In the upcoming IntelliJ IDEA 2019.1, you can invoke Fixup and Squash actions from the context menu of the VCS Log tab. These actions help to create commits with the correct fixup! and squash! commit messages.


Cherry-pick a file from a commit from the VCS log

With the upcoming IntelliJ IDEA 2019.1, you will be able to cherry-pick select files from the commit right from the context menu in the VCS log.


The indication of incoming and outgoing commits

The IDE now indicates if the incoming and outgoing commits are available for individual branches in the Branches popup, just enable the new ‘Mark Branches that have incoming/outgoing commits in the Branches popup’ option in the Preferences/Settings | Version Control | Git.

Deleted shelved files can be restored

With the upcoming IntelliJ IDEA 2019.1, you are able to undo the deletion of the shelved files. There is a separate new “Recently Deleted” node in the Shelf tree where you can view all the recently deleted files and restore any useful shelved files, that have been deleted by accident.


Mode to view author initials for VCS annotations

The IDE can show the initials of the author instead of their full name in the VCS annotations. Right-click on the annotation tab and select View | Names | Initials from the context menu.


SSH executable selector has been removed from the Git Settings

Previously IntelliJ IDEA provided two SSH executables for Git – Built-in and Native. The only reason to use Built-in instead of Native was that the IDE could not handle interactive prompts from Native SSH. In all other aspects, Native is better than Built-in as it supports more features, security protocols, and keys. The issue with interactive prompts was fixed in v2018.3, and now Native is the default and recommended SSH executable to use. The Native SSH executable works in almost every case, and now there is no need to additionally set it.

Please note that on Windows, Git 2.4 is the earliest supported version. (As “Native SSH” doesn’t work with 1.9 ‘msys’ executables).

File Status Highlights for the ignored files and folders

In the Project view, the ignored files and folders are marked with an olive color, so now you can distinguish all the ignored files and packages from any other files, at a glance.


Diff Viewer

The diff viewer can now show the difference by char unit and not only by the word unit as it was before. This could be pretty useful if your source code has any lines of characters from different alphabets, for example Japanese.


The Keymap Configuration Dialog for the Ctrl+Y keystroke

Starting from v2019.1, on the first usage of the Ctrl+Y keystroke for new users, the Keymap Configuration Dialog will be shown, providing you with the option to assign the shortcut to the “Delete Line” or the “Redo” action. If you change your mind later, you can always change it again in Settings | Keymap.

On Windows, for as long as we can remember, the Ctrl+Y shortcut was assigned to “Delete Line” in the default Windows keymap. This appears to be confusing many of our users since in many text editors the Ctrl + Y shortcut is assigned to “Redo”. Because “Ctrl+Y” was mapped to “Delete Line” for a very long time already in IntelliJ Platform, we’re not ready to fully remap Ctrl+Y to the “Redo” action or remove the default mapping, as we don’t want to break the habits and processes of our current users who have gotten used to this.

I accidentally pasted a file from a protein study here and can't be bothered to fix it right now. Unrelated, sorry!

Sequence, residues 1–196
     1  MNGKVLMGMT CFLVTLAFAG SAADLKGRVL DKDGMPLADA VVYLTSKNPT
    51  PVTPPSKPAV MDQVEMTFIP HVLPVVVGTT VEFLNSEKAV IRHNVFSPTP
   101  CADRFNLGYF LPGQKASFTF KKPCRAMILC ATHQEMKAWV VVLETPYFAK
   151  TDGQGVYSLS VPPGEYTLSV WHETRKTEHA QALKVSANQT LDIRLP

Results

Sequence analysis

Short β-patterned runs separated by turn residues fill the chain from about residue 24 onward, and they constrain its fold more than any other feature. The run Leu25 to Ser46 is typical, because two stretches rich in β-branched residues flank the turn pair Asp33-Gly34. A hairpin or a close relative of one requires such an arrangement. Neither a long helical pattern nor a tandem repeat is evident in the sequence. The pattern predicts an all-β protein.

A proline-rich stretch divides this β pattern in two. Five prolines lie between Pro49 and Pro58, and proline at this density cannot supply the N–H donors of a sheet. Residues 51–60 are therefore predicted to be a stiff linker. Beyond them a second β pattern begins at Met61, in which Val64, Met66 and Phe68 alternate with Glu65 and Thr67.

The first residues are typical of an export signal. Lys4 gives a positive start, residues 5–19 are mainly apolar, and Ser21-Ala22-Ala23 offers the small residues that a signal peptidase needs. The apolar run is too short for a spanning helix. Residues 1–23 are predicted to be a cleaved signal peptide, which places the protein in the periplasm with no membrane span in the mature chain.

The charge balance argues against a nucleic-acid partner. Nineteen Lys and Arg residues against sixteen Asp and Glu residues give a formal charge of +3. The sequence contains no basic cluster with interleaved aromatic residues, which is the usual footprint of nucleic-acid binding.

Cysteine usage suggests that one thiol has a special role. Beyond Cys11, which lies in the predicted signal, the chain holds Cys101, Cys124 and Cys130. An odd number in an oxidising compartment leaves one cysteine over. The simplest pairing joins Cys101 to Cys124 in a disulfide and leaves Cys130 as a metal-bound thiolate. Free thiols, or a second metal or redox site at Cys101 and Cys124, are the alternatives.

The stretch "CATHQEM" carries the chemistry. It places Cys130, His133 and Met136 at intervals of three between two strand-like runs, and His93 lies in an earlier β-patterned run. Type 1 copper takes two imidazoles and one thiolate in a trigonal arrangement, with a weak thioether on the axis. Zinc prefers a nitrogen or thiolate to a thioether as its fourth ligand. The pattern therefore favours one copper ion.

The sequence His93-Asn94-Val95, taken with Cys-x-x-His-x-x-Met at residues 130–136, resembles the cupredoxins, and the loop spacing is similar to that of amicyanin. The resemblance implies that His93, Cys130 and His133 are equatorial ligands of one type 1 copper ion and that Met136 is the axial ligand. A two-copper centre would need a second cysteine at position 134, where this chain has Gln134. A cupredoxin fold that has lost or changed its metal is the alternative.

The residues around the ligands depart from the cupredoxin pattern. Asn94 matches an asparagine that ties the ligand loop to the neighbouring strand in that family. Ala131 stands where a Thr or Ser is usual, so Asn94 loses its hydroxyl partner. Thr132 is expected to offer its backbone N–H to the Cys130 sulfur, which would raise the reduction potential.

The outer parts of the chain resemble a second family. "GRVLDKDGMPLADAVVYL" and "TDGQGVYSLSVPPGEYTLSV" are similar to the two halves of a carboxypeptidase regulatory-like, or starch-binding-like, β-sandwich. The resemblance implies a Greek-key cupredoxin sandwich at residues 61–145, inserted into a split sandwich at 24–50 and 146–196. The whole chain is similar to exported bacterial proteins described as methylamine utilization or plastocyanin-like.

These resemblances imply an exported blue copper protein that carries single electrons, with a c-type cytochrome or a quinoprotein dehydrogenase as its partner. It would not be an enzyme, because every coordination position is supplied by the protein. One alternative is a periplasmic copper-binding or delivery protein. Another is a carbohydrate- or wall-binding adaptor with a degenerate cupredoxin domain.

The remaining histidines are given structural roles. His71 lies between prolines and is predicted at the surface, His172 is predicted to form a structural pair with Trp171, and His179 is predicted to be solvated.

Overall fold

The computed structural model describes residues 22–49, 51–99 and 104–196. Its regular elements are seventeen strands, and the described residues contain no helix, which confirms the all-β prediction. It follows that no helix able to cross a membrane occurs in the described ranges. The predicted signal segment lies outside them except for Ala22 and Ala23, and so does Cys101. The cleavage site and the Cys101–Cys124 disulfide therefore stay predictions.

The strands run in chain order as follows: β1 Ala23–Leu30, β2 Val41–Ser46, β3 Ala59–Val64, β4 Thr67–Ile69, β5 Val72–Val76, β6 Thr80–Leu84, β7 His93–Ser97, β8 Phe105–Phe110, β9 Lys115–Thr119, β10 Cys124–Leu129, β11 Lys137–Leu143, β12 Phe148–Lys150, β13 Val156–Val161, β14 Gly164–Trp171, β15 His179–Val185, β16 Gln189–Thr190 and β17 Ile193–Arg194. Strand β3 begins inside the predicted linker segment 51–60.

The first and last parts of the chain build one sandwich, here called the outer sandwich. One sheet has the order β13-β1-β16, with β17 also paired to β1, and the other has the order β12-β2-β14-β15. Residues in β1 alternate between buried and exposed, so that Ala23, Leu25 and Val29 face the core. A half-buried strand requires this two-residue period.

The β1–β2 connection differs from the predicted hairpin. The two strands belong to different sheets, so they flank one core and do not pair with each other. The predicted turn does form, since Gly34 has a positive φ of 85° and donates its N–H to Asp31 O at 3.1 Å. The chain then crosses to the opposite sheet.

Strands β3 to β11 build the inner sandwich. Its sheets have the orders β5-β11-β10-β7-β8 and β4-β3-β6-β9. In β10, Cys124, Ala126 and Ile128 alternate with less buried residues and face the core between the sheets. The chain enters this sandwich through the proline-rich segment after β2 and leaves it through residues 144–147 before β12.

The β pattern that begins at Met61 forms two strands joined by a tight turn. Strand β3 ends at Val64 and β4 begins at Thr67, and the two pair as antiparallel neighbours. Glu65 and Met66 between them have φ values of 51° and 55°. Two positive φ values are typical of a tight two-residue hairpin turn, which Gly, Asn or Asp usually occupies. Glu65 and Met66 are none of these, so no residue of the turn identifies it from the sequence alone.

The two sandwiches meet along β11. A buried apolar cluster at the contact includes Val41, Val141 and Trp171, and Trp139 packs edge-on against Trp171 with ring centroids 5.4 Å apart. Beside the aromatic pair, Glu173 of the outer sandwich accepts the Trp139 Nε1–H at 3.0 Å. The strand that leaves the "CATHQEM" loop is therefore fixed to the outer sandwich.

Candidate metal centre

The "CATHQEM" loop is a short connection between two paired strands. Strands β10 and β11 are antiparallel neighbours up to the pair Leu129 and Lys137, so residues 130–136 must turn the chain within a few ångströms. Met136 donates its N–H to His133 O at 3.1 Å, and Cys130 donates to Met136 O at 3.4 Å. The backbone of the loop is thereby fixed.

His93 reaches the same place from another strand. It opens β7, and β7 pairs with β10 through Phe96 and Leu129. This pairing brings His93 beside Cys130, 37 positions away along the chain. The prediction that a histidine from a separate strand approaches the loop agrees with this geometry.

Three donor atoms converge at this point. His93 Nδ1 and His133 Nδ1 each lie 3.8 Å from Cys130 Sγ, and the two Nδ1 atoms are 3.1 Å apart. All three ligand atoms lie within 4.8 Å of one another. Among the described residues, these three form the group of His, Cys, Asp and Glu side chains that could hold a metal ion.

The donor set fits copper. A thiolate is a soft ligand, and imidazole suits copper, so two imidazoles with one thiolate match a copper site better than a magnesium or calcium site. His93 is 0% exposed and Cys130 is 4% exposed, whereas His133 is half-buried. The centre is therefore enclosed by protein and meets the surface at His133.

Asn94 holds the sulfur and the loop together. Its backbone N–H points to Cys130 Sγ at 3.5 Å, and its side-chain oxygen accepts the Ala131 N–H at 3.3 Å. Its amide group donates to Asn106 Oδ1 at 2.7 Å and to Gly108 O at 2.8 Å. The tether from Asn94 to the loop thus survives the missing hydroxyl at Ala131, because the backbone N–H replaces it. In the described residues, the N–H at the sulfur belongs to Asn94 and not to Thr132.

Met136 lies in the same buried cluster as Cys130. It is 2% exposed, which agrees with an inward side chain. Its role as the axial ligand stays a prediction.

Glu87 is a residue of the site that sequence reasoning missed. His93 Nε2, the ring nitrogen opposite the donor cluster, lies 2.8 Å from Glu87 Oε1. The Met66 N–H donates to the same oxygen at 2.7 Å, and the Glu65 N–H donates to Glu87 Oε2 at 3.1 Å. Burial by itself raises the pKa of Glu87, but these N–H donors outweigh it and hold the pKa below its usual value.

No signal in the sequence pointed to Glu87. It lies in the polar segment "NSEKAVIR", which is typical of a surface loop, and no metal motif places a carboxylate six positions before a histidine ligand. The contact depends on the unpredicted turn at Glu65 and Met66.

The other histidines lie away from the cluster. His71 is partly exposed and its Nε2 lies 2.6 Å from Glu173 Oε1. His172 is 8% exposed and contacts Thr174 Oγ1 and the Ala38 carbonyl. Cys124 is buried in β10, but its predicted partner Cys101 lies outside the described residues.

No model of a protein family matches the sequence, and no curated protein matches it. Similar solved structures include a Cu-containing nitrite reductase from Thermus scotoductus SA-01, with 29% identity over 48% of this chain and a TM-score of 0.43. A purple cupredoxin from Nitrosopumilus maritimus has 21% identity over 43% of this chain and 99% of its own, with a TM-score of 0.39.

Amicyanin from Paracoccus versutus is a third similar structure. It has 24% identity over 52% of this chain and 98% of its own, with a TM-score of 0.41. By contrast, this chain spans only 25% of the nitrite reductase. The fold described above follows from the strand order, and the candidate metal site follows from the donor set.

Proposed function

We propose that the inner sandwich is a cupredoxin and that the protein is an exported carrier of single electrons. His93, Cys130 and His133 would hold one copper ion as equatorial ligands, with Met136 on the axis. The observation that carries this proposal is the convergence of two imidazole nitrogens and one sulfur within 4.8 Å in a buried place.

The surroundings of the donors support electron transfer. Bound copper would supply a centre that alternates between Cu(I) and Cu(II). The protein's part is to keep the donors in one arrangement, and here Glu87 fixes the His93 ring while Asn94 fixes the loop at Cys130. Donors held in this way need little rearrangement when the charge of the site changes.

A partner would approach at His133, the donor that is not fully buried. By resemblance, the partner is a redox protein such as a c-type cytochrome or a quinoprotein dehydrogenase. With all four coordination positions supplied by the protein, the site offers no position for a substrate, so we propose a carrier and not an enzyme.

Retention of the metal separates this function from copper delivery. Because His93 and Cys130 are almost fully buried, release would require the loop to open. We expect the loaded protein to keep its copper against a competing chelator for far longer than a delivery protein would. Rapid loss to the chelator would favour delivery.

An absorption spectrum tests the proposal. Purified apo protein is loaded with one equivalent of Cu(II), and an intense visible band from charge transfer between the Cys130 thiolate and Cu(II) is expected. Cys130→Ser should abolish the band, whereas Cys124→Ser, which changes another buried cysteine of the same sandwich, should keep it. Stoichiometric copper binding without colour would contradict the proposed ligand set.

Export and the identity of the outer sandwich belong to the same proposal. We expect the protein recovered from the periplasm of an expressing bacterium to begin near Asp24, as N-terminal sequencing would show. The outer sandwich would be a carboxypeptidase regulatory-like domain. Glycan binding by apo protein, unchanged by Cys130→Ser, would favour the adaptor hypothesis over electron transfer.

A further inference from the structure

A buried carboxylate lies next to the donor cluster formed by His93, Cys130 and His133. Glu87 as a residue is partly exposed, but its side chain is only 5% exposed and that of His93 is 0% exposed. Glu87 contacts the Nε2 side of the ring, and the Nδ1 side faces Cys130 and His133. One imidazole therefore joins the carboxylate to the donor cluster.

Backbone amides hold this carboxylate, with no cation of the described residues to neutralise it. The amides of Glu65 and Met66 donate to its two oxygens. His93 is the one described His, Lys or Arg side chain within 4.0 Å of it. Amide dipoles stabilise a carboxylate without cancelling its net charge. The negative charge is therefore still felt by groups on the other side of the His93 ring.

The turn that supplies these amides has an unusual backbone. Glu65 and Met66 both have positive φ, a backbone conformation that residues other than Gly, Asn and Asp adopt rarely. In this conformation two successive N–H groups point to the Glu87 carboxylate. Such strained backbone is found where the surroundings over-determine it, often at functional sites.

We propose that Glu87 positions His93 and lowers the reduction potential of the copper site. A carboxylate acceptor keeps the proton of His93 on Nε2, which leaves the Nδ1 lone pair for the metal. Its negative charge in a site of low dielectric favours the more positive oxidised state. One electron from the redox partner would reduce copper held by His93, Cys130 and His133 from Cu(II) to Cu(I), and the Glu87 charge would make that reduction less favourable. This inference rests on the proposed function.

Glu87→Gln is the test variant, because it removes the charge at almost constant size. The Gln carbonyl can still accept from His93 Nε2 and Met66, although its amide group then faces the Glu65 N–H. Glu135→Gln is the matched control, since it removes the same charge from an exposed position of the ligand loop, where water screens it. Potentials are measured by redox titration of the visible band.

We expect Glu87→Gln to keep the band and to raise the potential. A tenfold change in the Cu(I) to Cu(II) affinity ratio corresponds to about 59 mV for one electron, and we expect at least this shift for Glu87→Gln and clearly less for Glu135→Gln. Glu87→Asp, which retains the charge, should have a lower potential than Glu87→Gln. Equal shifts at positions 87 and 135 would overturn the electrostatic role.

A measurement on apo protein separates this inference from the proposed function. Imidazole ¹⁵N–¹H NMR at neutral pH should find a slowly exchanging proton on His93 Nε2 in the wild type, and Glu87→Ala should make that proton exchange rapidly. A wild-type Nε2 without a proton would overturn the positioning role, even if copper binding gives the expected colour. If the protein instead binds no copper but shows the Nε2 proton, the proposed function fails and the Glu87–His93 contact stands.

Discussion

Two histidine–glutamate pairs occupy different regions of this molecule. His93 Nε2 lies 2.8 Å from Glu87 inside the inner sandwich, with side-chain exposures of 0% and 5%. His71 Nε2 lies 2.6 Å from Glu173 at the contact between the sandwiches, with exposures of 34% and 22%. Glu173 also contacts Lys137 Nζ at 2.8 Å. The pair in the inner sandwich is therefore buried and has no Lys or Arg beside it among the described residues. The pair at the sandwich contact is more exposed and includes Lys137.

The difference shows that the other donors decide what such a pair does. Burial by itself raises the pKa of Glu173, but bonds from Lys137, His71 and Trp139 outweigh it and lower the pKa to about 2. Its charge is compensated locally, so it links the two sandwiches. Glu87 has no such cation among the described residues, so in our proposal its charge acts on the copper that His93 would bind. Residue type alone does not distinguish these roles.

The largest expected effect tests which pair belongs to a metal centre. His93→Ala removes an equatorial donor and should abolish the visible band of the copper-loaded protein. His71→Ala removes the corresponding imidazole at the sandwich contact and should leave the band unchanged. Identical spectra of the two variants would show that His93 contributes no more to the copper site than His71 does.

Spring Cloud Stream

With IntelliJ IDEA 2018.3, we added initial support for Spring Cloud Stream, and with the upcoming v2019.1, we’ve taken this support even further.

IntelliJ IDEA now provides rich editing support: syntax highlighting, code completion, inspections, and quick-fixes for Spring Cloud Stream projects.


Binder name completion in application configuration files

Also, now the IDE provides the binder name completion for values and references in the application.properties or application.yml files.


Navigation between bound Producers and Consumers

IntelliJ IDEA provides navigation between the bound consuming and producing message handlers via the gutter icon. Producer and Consumer methods can be annotated with either Spring Integration annotations or Spring Cloud Stream native annotations. Please note that Consumers and Producers should be bound in the application.properties or application.yml files via the ‘spring.cloud.stream.bindings’ configuration key
(e.g. spring.cloud.stream.bindings.input.destination=testtock).


Aside from all this, we’ve updated the OSGI framework support in IntelliJ IDEA and now the updated Concierge framework is supported.

The global menu support on Linux is not an experimental feature anymore; it’s now fully supported in IntelliJ IDEA.

The plugin settings are searchable in IntelliJ IDEA. Even if a plugin is not bundled with the IDE and just installed manually, the settings will still appear in a search result.

We’ve updated the JBR version to 1.8.0_152-release-1402-b1. With this new JBR version, among other issues we’ve fixed an issue that caused the IDEs window go to the background when the breakpoint was hit.

With this upcoming version, we’ve fixed more than 900 issues – various bugs, performance problems, and usability issues! You can find the full list of all the issues we have addressed in the IDE and JBR release notes. We want to thank you all for the feedback that you keep sharing with us! We really appreciate it and we always look forward hearing your thoughts and suggestions, so please leave a comment below, create an issue in our issue tracker, or tweet us!

That’s it! It’s time to give it a test and provide some feedback – download the first EAP build of IntelliJ IDEA 2019.1 right away from our website or via Toolbox App.

Happy developing!